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UK Sky Broadband ISP Customers Hit by Internet Piracy Threat Letters

Monday, July 13th, 2015 (11:25 am) - Score 3,453

As predicted some users of Sky Broadband, specifically those who are accused of sharing unlawful copies of the movie The Company You Keep (TCYK) over public BitTorrent file sharing (P2P) networks, are beginning to receive letters from a copyright firm (TCYK LLP) that demand compensation.

The so-called “Speculative Invoicing” culture is sadly nothing new, although the tactics remain questionable. Related organisations usually track public Internet Protocol (IP) addresses on P2P networks and then later submit a Norwich Pharmacal Order (NPO) to a court, which forces the linked ISP (e.g. Sky) to release details about any associated subscribers.

Shortly after that the copyright firm or a lawyer acting on their behalf will then pursue those subscribers with worry inducing letters, which usually contain veiled threats in the hope of either tricking the subscriber into incriminating themselves or paying up to avoid the threat of court action.

In reality related court cases are usually too expensive to pursue and most of those that have been attempted tend to fail due to a lack of solid evidence. Indeed IP address based evidence is notoriously flaky, not least because it may be incorrect or fail to reflect that many people can share a single Internet connection.

The letters themselves naturally go after the bill payer, who may have no idea that such activity has taken place (assuming it even took place at all). Back in March 2015 Sky Broadband warned some of their users to expect just such a letter (here) and today TorrentFreak notes that the first such communications are finally being received.

Extract from TCYK LLP’s Letter to Sky Subscribers

Our forensic computer analyst has provided us with evidence that on the following UK date and time, [redacted], all or part of the Work was made available from the internet protocol (or IP) address [redacted], specifically for the purpose of downloading by third parties.

In the event that you were not responsible for the infringing acts outlined above because, for example, another member of your household was the user of the computer, you should make full disclosure to us of the other parties at your residence using your internet connection to make the Work available for download.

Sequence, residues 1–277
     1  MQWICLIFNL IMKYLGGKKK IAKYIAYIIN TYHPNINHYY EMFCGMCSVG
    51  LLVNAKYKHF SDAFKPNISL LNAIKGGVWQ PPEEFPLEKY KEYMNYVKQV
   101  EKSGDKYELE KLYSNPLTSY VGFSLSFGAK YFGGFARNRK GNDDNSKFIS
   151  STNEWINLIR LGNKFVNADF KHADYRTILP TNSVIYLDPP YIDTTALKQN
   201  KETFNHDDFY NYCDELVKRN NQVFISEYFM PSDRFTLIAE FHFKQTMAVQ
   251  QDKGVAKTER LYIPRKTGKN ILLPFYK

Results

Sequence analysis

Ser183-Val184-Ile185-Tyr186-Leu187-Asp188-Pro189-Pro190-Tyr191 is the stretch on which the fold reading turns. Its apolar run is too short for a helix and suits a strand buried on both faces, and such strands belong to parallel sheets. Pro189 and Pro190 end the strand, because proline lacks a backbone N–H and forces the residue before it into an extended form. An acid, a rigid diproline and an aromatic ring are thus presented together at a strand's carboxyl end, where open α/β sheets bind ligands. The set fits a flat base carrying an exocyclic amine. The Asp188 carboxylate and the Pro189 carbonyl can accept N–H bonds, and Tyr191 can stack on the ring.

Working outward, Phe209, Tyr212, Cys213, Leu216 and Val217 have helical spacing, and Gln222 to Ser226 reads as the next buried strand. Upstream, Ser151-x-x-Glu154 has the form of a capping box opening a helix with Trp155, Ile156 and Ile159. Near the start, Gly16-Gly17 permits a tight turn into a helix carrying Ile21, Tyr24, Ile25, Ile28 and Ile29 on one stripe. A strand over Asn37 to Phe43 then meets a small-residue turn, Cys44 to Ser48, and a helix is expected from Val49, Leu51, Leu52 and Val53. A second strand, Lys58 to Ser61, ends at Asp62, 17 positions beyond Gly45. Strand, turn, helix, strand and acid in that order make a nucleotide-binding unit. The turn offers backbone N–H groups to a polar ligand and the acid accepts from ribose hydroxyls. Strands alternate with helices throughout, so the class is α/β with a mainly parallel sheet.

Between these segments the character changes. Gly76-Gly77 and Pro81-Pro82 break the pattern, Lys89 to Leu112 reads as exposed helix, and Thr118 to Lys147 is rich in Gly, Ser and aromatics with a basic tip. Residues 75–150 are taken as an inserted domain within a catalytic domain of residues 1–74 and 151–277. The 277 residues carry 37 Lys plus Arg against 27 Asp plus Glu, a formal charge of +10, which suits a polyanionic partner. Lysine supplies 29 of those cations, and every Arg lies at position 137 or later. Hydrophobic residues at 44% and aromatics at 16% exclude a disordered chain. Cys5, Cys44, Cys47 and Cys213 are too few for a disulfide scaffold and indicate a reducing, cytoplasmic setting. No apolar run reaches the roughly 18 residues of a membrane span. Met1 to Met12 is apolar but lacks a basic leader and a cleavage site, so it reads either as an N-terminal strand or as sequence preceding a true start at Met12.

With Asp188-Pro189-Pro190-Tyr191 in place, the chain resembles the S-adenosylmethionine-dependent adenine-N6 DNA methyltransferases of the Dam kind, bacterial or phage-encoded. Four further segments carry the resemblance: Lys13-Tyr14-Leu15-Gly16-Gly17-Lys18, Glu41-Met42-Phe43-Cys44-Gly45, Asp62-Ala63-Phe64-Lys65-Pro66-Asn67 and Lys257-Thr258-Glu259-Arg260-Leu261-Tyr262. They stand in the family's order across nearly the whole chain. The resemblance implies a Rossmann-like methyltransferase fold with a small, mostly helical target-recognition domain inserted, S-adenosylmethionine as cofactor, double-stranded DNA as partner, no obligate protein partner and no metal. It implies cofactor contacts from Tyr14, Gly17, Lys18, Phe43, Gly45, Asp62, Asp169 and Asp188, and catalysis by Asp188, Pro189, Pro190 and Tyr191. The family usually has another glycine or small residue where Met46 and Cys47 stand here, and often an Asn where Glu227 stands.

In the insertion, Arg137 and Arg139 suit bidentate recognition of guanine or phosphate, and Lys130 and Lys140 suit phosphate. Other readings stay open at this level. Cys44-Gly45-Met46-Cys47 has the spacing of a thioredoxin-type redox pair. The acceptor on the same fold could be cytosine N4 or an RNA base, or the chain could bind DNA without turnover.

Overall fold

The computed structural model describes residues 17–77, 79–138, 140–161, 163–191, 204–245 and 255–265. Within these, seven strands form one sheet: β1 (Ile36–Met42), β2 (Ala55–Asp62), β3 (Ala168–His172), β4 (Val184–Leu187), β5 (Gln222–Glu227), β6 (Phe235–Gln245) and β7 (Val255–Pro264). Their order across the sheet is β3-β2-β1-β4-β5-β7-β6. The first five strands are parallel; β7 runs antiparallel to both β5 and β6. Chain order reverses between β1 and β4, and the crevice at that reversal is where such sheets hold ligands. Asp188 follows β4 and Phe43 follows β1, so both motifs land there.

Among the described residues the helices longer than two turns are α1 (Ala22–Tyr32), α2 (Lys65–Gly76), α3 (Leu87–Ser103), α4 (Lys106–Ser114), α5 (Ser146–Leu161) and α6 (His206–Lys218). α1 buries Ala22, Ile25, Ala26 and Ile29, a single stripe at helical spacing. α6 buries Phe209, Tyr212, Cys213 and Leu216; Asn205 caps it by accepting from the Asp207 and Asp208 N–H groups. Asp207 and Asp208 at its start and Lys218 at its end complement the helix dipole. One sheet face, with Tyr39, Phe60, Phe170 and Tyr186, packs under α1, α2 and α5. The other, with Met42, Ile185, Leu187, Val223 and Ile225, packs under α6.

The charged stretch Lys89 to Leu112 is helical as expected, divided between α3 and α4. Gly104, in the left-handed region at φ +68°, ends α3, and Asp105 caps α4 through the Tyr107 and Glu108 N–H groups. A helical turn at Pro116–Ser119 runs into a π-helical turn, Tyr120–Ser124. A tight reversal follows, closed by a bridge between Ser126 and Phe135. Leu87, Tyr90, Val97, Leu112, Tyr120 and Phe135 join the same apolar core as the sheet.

A failure to make such disclosure may lead to the claim being made against you with the court being asked to conclude, on the balance of probabilities that you were the user of the computer. … We will propose an appropriate figure to you in the subsequent letter after we have received your response to this letter and carefully considered its contents.

Generally speaking, if you know or believe yourself to be innocent of the allegation, then it’s best to discuss the matter with Citizens Advice before responding and read the Speculative Invoicing Handbook. In many cases though it may be better not to respond at all and if you want a solicitors help then Michael Coyle from Lawdit has agreed to step in.

Customers should not be afraid to challenge an allegation if you feel it to be false and history shows that it’ll often cost the firm a lot more money than they’ll get back to pursue such a case through the courts.

Last year all of the country’s largest broadband ISPs agreed to a new Voluntary Copyright Alert Programme (VCAP), which will also send warning letters to those suspected of similar activity (here). But the VCAP letters will contain no threats or demands for money and should only act as an “education programme“.